Michelle relaxing with a paper

Free Camping at Lake Colac

Just 8km out of Colac and right on the lake is a great little free camp. The campsites are mostly level and grassy with minimal shady sites. You can get full sun if you park further back. It is basically a long strip of camp sites that run along the shores of the lake There is a toilet block, water and picnic tables. (Sadly the toilet was full and needed a pump away at the time of our visit!)

There is also a good quality boat ramp, when the water level is average, but maybe a problem with drought conditions and water levels very low.

The waters edge is gently sloping and easy launching for canoes or access for swimming. We didn’t take advantage of the swimming here but we did enjoy gentle walks and chatting to neighbours. We met a chap of American Indian descent one night and another night we met some Germans who have allowed 6 months to travel Australia.

There are wood fired barbecues (bring your own firewood), rubbish bins and flushing toilets as well as town drinking water available from a couple of taps.

This campground is maintained by council as a free camp. I am sure I don’t need to tell the majority of my readers, however I do encourage you to show your appreciation & do the right thing: leave it tidy and do your shopping in town.

We were fascinated with these mini shells/snail shells that were evident on most of the fence posts separating the campsite from the farm land next door. Anyone know anything about them?

We used this camp as our base camp for visiting the area including the main goal of this trip which is to see the Great Ocean Road, leaving the motorhome behind and venturing out in the Grand Vitara.

We’ll be back with the next post on our impressions of The Great Ocean Road.


6 Reasons Why You Should Free Camp

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We’ve been free camping for about 6 years now – all around Oz! It started as a stop gap when travelling huge distances in Western Australia and we didn’t have the energy to continue to drive to the next caravan park. We saw a bunch of RVs and thought we found a Caravan Park that wasn’t in our book. From this, we discovered the many benefits of free camping.

1. It’s free:

Oh duh! That’s why it is called free camping. Personally, I like the term “freedom camping” even better! What a great way to offset the cost of travelling especially these huge distances within Australia.

2. It’s friendly:

Especially if you have rocked up to a popular site, you’re instantly welcomed into the grey-nomad set. Popularity is governed generally by the natural beauty of the spot, the ease of parking, accessibility to a nearby town or tourist attraction and/or a toilet. Once in a while, you will strike one with free showers and/or maybe even power too! These rare gems are treasured and word gets out and about.  So make sure to get there early for a good spot! Pay If there is a donation box there, please make the donation so that there is a good chance these places are still there for others to enjoy. (By the way, to these providers I say a hearty thank you!)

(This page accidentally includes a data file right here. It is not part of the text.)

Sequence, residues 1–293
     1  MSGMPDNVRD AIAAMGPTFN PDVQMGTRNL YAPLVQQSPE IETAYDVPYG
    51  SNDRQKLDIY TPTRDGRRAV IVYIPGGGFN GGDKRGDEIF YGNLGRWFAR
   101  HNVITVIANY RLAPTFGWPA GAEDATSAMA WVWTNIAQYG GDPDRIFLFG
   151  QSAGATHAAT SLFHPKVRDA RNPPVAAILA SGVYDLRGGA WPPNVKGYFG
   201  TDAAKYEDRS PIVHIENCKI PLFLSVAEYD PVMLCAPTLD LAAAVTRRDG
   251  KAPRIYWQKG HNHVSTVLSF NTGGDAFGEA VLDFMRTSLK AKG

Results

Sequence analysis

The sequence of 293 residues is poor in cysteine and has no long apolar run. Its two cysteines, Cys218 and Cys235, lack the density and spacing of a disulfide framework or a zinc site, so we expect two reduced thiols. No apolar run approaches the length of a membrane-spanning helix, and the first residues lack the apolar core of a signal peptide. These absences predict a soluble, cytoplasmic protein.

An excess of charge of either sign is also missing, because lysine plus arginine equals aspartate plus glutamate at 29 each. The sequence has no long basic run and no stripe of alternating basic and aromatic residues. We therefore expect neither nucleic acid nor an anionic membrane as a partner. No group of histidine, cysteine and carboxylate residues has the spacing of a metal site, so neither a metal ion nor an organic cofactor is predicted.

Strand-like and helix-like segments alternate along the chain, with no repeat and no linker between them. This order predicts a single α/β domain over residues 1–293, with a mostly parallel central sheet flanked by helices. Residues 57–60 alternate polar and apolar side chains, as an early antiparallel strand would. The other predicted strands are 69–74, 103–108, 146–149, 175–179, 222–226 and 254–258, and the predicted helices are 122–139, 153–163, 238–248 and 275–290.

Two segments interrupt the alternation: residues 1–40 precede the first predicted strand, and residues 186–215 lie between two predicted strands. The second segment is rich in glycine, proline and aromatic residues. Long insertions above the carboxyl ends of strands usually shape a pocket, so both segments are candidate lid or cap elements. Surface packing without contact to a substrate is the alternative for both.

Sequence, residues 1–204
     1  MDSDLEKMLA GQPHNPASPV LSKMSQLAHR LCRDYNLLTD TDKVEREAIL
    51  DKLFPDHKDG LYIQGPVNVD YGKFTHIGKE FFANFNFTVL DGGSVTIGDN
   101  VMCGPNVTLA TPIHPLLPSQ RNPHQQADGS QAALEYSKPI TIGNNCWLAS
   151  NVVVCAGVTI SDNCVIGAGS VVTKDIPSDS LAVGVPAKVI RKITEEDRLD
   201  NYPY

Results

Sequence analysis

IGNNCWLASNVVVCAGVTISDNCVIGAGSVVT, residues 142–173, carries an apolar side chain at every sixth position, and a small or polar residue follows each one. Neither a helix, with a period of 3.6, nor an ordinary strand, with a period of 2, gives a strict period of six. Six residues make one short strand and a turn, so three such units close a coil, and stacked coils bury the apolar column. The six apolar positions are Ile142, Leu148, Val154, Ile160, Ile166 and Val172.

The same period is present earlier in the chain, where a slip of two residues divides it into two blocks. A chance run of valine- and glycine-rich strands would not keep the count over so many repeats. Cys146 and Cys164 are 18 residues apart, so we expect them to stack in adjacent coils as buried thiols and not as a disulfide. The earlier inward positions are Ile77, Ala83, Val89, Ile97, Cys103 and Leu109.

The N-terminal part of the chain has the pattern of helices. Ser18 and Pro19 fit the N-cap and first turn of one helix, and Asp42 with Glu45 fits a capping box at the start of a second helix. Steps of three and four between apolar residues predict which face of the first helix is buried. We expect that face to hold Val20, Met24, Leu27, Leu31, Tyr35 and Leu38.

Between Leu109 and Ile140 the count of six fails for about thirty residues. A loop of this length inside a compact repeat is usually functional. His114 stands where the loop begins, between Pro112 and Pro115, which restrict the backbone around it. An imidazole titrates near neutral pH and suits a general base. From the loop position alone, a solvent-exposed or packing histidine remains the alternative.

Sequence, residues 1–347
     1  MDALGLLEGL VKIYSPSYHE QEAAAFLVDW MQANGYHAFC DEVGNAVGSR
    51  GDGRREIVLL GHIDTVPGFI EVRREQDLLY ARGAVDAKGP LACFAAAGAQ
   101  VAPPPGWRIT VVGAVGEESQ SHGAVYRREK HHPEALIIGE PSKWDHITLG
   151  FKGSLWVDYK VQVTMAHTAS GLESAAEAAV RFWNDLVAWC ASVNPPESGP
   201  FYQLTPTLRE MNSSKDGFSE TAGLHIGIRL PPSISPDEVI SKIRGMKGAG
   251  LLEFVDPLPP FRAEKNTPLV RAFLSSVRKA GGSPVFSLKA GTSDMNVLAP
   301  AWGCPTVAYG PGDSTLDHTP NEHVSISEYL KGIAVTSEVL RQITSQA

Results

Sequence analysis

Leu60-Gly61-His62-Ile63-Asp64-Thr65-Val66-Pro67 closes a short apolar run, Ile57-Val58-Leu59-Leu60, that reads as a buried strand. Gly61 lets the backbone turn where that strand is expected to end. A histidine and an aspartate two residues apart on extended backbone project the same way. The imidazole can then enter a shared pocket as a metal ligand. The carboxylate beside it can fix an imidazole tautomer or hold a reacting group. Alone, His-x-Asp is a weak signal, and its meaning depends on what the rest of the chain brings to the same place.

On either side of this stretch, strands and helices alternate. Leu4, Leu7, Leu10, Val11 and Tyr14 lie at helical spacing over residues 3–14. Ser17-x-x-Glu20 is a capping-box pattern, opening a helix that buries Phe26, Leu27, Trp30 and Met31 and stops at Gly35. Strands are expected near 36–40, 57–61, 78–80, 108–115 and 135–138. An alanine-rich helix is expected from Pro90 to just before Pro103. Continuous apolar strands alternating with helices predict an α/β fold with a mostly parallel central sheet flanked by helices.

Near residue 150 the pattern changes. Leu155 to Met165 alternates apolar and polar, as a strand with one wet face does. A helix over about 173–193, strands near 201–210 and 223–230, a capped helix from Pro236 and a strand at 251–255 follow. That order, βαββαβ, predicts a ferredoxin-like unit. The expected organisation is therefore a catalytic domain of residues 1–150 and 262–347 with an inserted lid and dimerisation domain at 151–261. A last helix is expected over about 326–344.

3. No booking required:

It is great for those that don’t plan their journey too rigorously. You can just pull up when you are ready. No need to stick to an agenda, so if you like a place, you can stay and investigate (within site regulations) and if you don’t like it then you can move on quickly! Another reason why I prefer the term “freedom camping”.

4. It’s easy going:

Most grey nomads are a friendly easy going a lot. Who can you complain to if the long drop is rather stinky or the ground is not level? You don’t have to use it or stay there! Frequently there is someone who has started a fire (when allowed) and there’s likely to be a happy hour going somewhere from anytime esp around 4-6pm which are generally open to all comers with a smile, or start up your own! Even if you want your own company, you can have that too, just park on the fringes.

5. Security is what you make it:

This is the toughest part of free camping. Generally, both common sense and experience when camping but in most places, campers are a friendly neighbourly bunch. Still, we feel more secure if at least one camper joins us at a free camp. Having said that, we’ve never had a single negative experience in terms of security. However, I would say trust your instincts or you’re in for a long night. We will stop at a free camp where there are no other campers, usually by 2 pm. Sometimes it just takes one to stop and others travelling by might decide to stop there too now that someone has stopped first. If no one else has stopped to join us by 4 pm then we might move on to the next place that has some people. Again trust your instincts! Take photos of other campers esp their rigs and number plates if you like. (It is easy to delete them the next morning when you wake up.) Don’t forget to lock your doors. Security is what you make it!

6. Usually Pet-friendly:

Another advantage of free camping is that your fur baby is welcome too. They are usually prohibited in National Parks and some council sites. In order to maintain this privilege please keep your dog on a lead if required; or if other people, wildlife or stock are around – and for goodness sake, please pick up their droppings!

Do your research:

Do you have enough power, water and food for the duration of your camp? Not all places welcome fires. Don’t forget your toilet. If you need to go bush toilet, then take a shovel or even a garden spade and hide the evidence including toilet paper and go a long away from the populated areas.

Leave a comment below.